private const string WelcomeText = "This bot will introduce you to natural language processing with LUIS. Type an utterance to get started";

    /// Services configured from the ".bot" file.
    private readonly BotServices _services;

    /// Initializes a new instance of the LuisBot class.
    public LuisBot(BotServices services)
        _services = services ?? throw new System.ArgumentNullException(nameof(services));
        if (!_services.LuisServices.ContainsKey(LuisKey))
            throw new System.ArgumentException($"Invalid configuration. Please check your '.bot' file for a LUIS service named '{LuisKey}'.");
    /// ...

LUIS is now configured for your bot. Next, let's look at how to get the intent from LUIS.

Get the intent by calling LUIS

Your bot gets results from LUIS by calling the LUIS recognizer.

To have your bot simply send a reply based on the intent that the LUIS app detected, call the LuisRecognizer, to get a RecognizerResult. This can be done within your code whenever you need to get the LUIS intent.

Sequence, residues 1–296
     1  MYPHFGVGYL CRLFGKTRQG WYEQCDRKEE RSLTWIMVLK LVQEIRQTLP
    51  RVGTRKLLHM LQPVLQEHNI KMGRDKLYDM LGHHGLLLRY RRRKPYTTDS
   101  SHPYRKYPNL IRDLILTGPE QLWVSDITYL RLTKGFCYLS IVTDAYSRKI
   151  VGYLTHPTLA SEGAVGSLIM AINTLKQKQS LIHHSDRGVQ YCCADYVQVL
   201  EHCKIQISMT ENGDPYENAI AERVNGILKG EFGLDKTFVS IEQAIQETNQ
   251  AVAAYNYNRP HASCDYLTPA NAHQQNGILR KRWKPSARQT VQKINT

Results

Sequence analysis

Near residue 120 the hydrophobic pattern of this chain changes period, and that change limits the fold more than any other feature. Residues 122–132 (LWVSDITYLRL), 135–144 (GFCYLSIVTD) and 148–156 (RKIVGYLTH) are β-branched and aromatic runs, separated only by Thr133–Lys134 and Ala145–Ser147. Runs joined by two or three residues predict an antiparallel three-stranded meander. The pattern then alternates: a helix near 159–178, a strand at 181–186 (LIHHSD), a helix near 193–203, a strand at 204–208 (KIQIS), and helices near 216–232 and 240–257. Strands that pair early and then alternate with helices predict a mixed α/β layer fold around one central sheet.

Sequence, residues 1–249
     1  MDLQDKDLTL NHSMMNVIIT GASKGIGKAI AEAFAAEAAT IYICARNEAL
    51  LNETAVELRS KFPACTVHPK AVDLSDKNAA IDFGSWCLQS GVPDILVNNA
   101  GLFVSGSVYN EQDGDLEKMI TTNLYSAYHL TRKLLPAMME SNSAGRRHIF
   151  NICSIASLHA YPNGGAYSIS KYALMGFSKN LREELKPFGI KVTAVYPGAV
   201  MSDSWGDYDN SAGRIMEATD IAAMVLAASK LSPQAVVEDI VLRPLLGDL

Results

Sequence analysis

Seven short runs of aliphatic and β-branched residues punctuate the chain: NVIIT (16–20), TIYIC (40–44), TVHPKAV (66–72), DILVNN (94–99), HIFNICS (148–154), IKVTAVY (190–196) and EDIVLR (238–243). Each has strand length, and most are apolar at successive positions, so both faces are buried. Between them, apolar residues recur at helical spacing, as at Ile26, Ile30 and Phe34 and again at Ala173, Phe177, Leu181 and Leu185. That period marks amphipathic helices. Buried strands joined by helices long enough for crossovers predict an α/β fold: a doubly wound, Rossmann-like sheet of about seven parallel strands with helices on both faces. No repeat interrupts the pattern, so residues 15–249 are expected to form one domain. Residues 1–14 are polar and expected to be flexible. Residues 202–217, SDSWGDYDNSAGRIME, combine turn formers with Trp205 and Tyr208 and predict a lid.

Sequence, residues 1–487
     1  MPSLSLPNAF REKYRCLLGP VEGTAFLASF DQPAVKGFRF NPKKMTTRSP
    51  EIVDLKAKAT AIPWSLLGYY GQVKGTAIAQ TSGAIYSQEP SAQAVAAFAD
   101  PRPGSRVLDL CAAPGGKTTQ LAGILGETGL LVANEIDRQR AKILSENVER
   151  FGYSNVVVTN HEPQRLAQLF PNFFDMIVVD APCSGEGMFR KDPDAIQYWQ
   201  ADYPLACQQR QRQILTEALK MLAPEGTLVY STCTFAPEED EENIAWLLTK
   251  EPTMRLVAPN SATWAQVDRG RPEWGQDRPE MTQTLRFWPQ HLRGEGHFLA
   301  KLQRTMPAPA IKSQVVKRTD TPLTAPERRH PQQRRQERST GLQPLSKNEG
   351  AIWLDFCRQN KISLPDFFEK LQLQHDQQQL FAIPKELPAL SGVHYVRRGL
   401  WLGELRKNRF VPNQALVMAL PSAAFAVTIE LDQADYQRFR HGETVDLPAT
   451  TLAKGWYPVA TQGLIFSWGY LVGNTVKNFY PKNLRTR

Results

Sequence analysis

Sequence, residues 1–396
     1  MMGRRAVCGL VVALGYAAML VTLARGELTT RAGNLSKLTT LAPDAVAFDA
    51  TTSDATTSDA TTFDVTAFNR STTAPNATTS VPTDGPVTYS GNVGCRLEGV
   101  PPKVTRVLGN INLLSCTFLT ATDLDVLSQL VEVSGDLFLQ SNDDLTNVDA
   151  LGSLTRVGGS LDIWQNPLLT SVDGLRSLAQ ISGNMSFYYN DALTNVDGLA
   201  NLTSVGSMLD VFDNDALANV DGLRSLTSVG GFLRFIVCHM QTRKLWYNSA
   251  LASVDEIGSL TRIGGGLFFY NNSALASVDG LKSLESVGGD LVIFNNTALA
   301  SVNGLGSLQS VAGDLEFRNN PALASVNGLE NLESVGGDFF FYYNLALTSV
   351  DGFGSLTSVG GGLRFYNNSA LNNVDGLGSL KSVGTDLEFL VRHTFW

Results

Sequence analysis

public async Task OnTurnAsync(ITurnContext turnContext, CancellationToken cancellationToken = default(CancellationToken))

    if (turnContext.Activity.Type == ActivityTypes.Message)
        // Check LUIS model
        var recognizerResult = await _services.LuisServices[LuisKey].RecognizeAsync(turnContext, cancellationToken);
        var topIntent = recognizerResult?.GetTopScoringIntent();
        if (topIntent != null && topIntent.HasValue && topIntent.Value.intent != "None")
            await turnContext.SendActivityAsync($"==>LUIS Top Scoring Intent: {topIntent.Value.intent}, Score: {topIntent.Value.score}\n");
            var msg = @"No LUIS intents were found.
                        This sample is about identifying two user intents:
                        Try typing 'Add Event' or 'Show me tomorrow'.";